Tuesday, November 19, 2013

Like Holding God's Hand

When you bring kids up front in a worship service, it's a bit like opening your sanctuary to a band of foraging raccoons.

You never know exactly what's going to happen.  Things are going to be…interesting.  Time with Children is one of those peculiar things in the church, something fraught with liturgical peril for those who like services nice and neat and orderly.    But it can also be totally amazing.

I love it, the wildness of it.

What amazes me is just how often those encounters with our little ones force me to do some significant theological digging.  Like this last week, when at the end of the time with children, they circled up for prayer with the elder leading it…and she graciously included me in on the circle.  The two next to me in the circle are fast friends, and there was a very brief whispered debate about who would get to hold my hand.

"But I'm right next to him," said the one.

"I know, I know, but I want to hold his hand," said the other. "It's like holding God's hand."

They settled in quickly so that they could pray along in our little circle, too quickly for me to come up with anything insightful in return, but those words stuck with me as they scampered off following the prayer.

Like God's hand?  Me?  They're talking about me?  Gads.

Knowing myself, and knowing the frequently disheveled state of my soul, it was one of those convicting moments.  Too often, my spirit is like the sink in my kitchen, overflowing with pots and pans and crusty dishes that really should have been cleaned after dinner the night before.  But no sooner have I cleaned them, than suddenly that sink is full again.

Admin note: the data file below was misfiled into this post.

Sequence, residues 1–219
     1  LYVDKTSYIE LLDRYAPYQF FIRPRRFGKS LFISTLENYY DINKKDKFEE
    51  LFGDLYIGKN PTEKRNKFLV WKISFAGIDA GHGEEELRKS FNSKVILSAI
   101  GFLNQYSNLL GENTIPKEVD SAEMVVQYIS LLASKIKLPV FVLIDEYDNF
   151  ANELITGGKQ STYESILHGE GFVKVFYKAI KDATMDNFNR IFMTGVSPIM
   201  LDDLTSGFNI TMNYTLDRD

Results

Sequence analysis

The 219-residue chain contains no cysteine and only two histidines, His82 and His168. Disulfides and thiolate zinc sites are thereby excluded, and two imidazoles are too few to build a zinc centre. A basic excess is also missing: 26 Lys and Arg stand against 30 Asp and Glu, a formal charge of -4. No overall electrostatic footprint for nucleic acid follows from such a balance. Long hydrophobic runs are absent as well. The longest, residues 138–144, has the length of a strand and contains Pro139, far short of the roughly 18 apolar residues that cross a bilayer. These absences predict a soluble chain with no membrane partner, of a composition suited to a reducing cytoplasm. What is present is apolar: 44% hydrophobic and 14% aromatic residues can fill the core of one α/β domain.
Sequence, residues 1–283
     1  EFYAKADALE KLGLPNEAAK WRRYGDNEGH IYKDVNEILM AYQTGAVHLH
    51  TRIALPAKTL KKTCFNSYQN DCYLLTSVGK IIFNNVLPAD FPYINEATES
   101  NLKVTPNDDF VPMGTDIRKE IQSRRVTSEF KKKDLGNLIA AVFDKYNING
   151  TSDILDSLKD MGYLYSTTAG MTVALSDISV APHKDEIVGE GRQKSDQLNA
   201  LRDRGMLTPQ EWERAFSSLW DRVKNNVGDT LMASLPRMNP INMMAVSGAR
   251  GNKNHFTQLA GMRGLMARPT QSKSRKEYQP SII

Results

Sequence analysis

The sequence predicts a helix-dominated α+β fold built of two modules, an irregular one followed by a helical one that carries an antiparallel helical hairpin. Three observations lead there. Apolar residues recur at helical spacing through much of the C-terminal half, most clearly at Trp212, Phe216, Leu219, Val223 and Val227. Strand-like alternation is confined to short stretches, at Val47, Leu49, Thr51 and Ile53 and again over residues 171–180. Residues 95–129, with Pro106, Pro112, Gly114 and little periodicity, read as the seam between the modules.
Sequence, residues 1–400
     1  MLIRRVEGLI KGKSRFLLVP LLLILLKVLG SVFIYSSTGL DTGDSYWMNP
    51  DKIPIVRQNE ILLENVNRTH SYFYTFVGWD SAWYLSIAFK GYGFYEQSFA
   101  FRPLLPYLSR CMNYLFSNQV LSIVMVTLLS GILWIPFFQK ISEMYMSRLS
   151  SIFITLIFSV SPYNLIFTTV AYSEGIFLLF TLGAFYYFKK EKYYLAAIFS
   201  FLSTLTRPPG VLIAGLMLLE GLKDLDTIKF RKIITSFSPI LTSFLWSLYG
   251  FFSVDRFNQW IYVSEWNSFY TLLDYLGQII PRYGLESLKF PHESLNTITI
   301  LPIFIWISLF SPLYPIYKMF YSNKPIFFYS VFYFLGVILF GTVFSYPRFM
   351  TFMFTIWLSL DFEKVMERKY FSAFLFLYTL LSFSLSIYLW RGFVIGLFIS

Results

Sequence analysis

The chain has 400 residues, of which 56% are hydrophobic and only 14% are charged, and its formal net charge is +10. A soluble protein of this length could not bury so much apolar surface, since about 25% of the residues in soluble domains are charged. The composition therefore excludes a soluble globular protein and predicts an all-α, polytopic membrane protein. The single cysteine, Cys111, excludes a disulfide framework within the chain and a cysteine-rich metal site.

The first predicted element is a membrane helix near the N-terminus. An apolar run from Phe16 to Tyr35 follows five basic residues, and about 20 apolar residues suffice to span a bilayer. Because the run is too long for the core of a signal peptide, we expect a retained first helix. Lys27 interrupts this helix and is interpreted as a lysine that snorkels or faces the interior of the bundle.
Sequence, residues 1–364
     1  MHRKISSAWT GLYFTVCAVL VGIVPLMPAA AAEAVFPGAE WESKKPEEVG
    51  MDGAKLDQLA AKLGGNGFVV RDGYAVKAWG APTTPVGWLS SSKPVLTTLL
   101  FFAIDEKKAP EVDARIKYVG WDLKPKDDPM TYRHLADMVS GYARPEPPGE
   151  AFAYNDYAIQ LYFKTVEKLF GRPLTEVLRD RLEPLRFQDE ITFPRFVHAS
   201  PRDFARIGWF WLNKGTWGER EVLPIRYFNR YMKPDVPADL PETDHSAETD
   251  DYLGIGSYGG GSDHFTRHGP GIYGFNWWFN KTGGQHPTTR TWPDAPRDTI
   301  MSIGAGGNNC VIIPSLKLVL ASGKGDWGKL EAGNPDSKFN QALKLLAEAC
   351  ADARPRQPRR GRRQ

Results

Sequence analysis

Sort of like Camus' first swing at writing the Myth of Sisyphus, which if memory serves me involved dishes.  Or maybe it was laundry.  Or some combination of the two.

It can be a particular pastoral challenge, that expectation, that we are the conduit to the sacred. That can morph into the assumption that we are perfect, the Vessels of Truth, the very Voice and Hands of God.  It can be a seductive and dangerous thing for the human ego.

No matter how often we doth protest, that no, we are truly no different, it can be hard to get past the desire to see us as stand-ins for the Creator of the Universe.

Which, er, I'm not.  Yes, I do my best to help.  Yes, my vocation is guiding folks to deeper connection with our Maker, and I have disciplined myself to try to.  It's a path I myself still journey, and I appreciate the company I've found along the way.  But I don't want to confuse people into thinking that I am the Holy.  Ever.

And yet I also found myself thinking, as we sat for those few moments in prayer, that the strange weight placed on my soul by that dear little voice was a good weight.

Are we acting in such a way that our hands are serving God's purposes?  Are we speaking in a way that our voices proclaim both God's justice and God's gracious love?

It's the weight that pretty much everyone who follows the Nazarene should feel.